So metal: Newly discovered exoplanet is likely over 80 percent iron

Zoom / TESS Planetary Observatory.

For centuries, scientists have had only a limited number of examples to consider when it comes to understanding the formation of planets. As we’ve explored ever-increasing numbers of worlds, we’ve found many that seem like nothing we have in our solar system: hot gas giants, super-Earths, tiny Neptune, and more. Therefore, it may be a relief to find something that resembles a familiar planet, as it indicates that the processes that shaped the solar system may not be unusual.

A new discovery certainly falls into this category, with researchers announcing the discovery of what appears to be an extremely iron-rich planet which, at least in terms of composition, is very similar to Mercury. The difference is that it is almost at the top of its star and is probably hot enough that any iron on the surface can melt.

a very short year

The new planet has been found orbiting a red dwarf star named GJ 367 about 30 light-years from Earth. Red dwarfs are small, faint stars that make it easier to identify the planets around them. A planet orbiting between a red dwarf and Earth will proportionally block more of the star’s light. Because the star is low in mass, the planet’s gravity will cause it to shift more as it rotates, creating larger Doppler shifts in the light from the star.

The new planet, GJ 367b, appeared in data from NASA’s Transiting Exoplanet Survey (TESS) mission. TESS monitors droplets in starlight caused by an orbiting planet, and it does so in an impressive clip — the data used here included a new image every two minutes for two weeks. That’s more than enough to capture the signal caused by GJ 367b, which completes a trip around its star in just a third of a day.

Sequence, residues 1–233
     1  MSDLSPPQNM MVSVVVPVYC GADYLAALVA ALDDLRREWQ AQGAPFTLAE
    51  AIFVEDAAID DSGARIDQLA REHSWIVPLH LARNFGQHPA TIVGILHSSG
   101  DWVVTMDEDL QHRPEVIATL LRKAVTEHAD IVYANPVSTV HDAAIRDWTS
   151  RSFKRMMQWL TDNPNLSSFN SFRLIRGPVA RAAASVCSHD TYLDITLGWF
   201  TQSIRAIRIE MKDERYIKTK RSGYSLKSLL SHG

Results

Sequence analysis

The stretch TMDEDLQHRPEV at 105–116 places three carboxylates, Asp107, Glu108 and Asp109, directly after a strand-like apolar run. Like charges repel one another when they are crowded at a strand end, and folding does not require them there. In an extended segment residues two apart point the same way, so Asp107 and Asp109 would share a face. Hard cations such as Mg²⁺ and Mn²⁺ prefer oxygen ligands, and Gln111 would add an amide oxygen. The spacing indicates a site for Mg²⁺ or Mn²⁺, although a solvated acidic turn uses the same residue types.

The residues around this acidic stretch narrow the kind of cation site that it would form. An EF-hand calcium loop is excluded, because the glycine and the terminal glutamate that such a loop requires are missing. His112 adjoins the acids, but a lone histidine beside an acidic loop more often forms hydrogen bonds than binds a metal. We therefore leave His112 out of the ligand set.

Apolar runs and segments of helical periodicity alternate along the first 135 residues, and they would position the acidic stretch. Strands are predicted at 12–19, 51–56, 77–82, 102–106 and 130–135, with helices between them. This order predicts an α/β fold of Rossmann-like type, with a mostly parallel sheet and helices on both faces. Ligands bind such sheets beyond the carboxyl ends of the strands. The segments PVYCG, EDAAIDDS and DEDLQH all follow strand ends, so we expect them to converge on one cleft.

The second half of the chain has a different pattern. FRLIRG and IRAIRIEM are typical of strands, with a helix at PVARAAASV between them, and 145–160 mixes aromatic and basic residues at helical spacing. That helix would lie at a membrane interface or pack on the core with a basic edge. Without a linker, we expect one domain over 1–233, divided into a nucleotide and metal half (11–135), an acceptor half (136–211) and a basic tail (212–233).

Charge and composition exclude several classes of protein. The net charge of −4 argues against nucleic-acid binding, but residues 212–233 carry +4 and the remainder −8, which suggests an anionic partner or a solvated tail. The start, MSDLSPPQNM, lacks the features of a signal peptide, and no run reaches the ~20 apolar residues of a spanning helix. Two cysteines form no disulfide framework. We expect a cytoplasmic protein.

Discovering in this way makes GJ 367b a candidate for an exoplanet; To confirm its existence, the research team turned to a ground-based telescope, which monitored the Doppler shifts in the star’s light due to the planet’s orbit. This confirmed the existence of the planet, as the one-third of a day signal was present (as was the roughly 45-day signal caused by the star’s rotation).

The planet itself is small, its radius is three-fourths the radius of the Earth. But it is relatively massive, with a mass of more than half the mass of the Earth. This results in a density of just over eight grams per cubic centimeter – which is actually heavier than iron.

infernal conditions

GJ 367b is close enough that it is gradually locked to its host star, which means it rotates once per orbit, keeping one side facing the star the entire time. and he very close to that star. This results in an estimated surface temperature of 1,745 K – very close to the melting point of iron. Of course, the outer crust is likely to be rocky. Or it would be rocky were it not for the fact that many silicon-rich rocks melt at similar temperatures as well.

Clearly anything resembling the atmosphere as we know it would have heated up a long time ago. But there is a possibility that some of the molten rocks and minerals will evaporate and create a little local atmosphere on the side facing the stars. Obviously, the far side of the planet would be much cooler, and anything in the form of vapor would end up on the planet very quickly.

The research team fed the stats to an AI trained on other planets, and the AI ​​predicted that GJ 367b has a structure very similar to Mercury: a large metal core that occupies much of the planet’s interior, stretching more than 85 percent of the way to the surface. The rest will be silicate rock. This is not unreasonable, other than the fact that the density of GJ 367b is 1.5 times that of Mercury. Therefore, there must be some important differences as well.

Anyway, we have an idea of ​​how to make Mercury so rich in iron – it’s the product of collisions that stripped away some of the rocky material. But we don’t understand how anything the size of Mercury could form near a star. So, while there is some reassuring familiarity here, there are limits to that.

Science, 2021. DOI: 10.1126/science.aay3253 (about DOIs).

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